There was a strong sense of déjà vu watching England play South Africa at the weekend. For the second successive week they stormed out of the blocks, scoring quick, well-worked tries, before contriving to throw away a commanding lead and lose – albeit, from only 12-0, rather than 24-3 the preceding week.
Again, there were big issues with discipline and defence. I went into it in detail last week so will try to avoid doing so again, for as much my own sanity as yours. But alongside this, it is the mentality of the team that is now causing concern.
It is getting exceptionally frustrating as a fan to watch this England side. In the run up to the game, Owen Farrell spoke about the discipline issue, saying ‘We had a good chat about the discipline side of things. I just think we got stuck in a bit of a rut on the weekend’.
Ben Youngs also spoke about it: ‘[Discipline] has certainly put us under more pressure than we needed to.
‘We talked about it and reviewed it heavily … The individuals are fully aware that at the weekend some of those penalties were highly avoidable and unnecessary. If we want to win, we have to cut that down by at least half.’
Well they failed spectacularly there. Still stuck in that rut, they in fact managed to surpass their previous tally of 12 and record 13 infringements, with another yellow card to boot.
What is more exasperating about this is the brain-numbing stupidity of some of the penalties. When the team are crippling their chances at victory through such high levels of ill-discipline, why Mako Vunipola would you reach down and slap Pieter-Steph du Toit in the face when he’s lying at the bottom of a ruck? Seriously?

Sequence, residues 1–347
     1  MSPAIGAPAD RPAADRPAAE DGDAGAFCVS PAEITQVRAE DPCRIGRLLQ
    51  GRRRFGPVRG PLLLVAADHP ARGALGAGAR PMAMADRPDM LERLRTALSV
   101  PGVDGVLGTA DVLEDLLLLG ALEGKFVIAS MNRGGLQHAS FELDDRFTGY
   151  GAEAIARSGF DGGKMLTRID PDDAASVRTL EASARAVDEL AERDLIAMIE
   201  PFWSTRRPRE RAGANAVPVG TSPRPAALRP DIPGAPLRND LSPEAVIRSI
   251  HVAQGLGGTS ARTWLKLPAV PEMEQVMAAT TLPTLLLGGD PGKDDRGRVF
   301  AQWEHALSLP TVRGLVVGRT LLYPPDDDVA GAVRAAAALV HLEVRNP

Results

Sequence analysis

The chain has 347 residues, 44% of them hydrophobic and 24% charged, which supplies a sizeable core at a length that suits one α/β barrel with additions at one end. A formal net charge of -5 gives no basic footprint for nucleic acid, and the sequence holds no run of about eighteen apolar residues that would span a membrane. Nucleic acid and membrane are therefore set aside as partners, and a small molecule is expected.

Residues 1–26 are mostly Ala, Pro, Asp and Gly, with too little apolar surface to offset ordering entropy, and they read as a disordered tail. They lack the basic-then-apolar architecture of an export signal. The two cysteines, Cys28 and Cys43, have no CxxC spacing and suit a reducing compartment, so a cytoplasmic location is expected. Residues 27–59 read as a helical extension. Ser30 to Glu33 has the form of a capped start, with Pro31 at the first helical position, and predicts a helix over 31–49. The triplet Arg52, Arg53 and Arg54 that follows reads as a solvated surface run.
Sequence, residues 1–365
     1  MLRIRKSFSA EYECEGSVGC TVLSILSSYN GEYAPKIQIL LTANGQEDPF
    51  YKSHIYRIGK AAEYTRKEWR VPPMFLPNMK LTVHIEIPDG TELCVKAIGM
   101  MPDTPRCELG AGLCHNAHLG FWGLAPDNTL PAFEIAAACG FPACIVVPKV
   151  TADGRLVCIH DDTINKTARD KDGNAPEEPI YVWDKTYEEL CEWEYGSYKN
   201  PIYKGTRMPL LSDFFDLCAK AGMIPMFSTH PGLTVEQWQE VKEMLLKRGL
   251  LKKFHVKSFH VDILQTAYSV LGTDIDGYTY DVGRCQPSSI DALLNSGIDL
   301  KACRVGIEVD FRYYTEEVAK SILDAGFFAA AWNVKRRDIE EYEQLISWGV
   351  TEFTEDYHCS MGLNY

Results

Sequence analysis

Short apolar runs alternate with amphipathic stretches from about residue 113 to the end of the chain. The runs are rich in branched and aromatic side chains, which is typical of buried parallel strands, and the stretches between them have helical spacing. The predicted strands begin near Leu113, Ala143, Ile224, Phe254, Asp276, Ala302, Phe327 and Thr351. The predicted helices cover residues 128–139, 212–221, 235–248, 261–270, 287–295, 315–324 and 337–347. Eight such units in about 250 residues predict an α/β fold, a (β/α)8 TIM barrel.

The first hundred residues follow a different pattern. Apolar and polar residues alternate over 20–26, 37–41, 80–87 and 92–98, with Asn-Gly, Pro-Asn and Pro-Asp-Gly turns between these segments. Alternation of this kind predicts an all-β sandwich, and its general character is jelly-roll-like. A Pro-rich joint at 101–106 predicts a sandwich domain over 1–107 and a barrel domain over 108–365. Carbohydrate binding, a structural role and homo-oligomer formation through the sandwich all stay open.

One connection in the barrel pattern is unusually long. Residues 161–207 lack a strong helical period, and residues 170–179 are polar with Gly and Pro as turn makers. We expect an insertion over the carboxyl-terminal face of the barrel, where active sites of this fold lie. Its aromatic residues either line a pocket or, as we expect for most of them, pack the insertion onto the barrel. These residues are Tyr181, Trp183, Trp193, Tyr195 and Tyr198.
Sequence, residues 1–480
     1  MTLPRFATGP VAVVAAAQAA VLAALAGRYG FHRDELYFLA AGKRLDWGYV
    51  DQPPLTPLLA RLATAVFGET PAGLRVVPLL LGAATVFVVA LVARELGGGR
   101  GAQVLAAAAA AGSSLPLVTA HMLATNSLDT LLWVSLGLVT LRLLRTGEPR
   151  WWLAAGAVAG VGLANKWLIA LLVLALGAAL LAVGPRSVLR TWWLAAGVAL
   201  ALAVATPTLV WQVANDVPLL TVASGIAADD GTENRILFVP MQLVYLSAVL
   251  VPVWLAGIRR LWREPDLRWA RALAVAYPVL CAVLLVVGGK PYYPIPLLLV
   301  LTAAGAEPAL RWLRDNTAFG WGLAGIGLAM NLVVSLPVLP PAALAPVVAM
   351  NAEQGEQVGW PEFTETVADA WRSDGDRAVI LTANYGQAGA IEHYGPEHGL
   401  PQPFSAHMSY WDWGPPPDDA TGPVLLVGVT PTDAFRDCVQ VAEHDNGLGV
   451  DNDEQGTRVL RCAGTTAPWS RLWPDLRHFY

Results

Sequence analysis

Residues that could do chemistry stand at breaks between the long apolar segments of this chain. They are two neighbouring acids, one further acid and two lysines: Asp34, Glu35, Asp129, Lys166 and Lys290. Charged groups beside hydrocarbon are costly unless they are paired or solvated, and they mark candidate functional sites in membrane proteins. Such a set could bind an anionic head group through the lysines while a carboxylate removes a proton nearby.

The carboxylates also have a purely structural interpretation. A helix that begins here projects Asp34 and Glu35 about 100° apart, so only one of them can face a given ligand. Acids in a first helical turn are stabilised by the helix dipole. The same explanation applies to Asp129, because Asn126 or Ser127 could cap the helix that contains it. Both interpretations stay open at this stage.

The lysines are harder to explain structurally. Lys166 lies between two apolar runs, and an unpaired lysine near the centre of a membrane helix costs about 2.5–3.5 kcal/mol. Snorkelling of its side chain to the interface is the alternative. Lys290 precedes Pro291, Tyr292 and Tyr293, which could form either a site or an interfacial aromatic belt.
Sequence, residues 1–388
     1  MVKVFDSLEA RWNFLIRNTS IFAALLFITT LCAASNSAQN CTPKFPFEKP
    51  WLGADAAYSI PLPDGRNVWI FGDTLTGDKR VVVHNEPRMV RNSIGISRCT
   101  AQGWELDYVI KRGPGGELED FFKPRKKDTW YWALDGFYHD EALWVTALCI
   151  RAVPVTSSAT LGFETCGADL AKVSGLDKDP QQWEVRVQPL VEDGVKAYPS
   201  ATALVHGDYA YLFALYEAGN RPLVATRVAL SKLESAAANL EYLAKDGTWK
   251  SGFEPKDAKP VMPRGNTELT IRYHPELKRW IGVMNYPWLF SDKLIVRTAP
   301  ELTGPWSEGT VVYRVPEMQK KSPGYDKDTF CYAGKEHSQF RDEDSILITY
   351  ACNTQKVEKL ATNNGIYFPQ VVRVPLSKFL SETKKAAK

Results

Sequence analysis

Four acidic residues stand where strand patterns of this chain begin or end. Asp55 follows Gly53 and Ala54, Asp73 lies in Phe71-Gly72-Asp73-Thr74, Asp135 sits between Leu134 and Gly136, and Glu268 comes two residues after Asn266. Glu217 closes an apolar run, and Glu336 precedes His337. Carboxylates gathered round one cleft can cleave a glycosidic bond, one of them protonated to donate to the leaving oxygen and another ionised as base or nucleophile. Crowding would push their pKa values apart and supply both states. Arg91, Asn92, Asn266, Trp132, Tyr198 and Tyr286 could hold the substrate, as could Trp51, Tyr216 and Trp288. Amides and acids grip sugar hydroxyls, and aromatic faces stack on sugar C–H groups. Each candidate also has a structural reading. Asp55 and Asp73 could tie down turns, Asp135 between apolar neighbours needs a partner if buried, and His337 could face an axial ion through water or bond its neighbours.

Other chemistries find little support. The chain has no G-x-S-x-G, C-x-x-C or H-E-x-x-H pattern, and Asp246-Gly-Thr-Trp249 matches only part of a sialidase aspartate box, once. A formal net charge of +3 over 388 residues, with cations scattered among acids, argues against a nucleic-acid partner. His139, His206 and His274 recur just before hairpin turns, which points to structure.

Same question goes to Nathan Hughes stretching off the floor to smack the ball out of Faf de Klerk’s hands. That earned Hughes a yellow card and was the final nail in the coffin of any possibility of a comeback.
I seriously hope they get taken to task by their teammates over those two infractions. If Mako were not already travelling home, and Billy Vunipola not injured and Hughes a necessary replacement, I would argue dropping them both. Actually I would still advocate dropping Hughes for Sam Simmonds as a response.
Sometimes penalties are unavoidable – when you kill the ball as the final defender or collapse a maul to prevent a certain score, but not here.
More generally, concerns are starting to develop around the players’ attitude. Suffering a losing streak like this as a professional athlete cannot be pleasant, but Ben Youngs’ 10-second interview with Sky Sports before walking away was frankly petulant. No matter what the result, the players are representing their country and owe it to the fans to talk to the media. He has rightly apologised.
I am not sure exactly what allegedly happened with Mike Brown and Joe Marler and a group of fans after the game, but it is another concerning altercation. Jones is an arch-confrontationist himself, and recently apologised to Bath’s Bruce Craig for likening him to Donald Trump (‘he has the same hairstyle’), while there was the furore around those infamous jibes about the Celtic nations earlier in the year.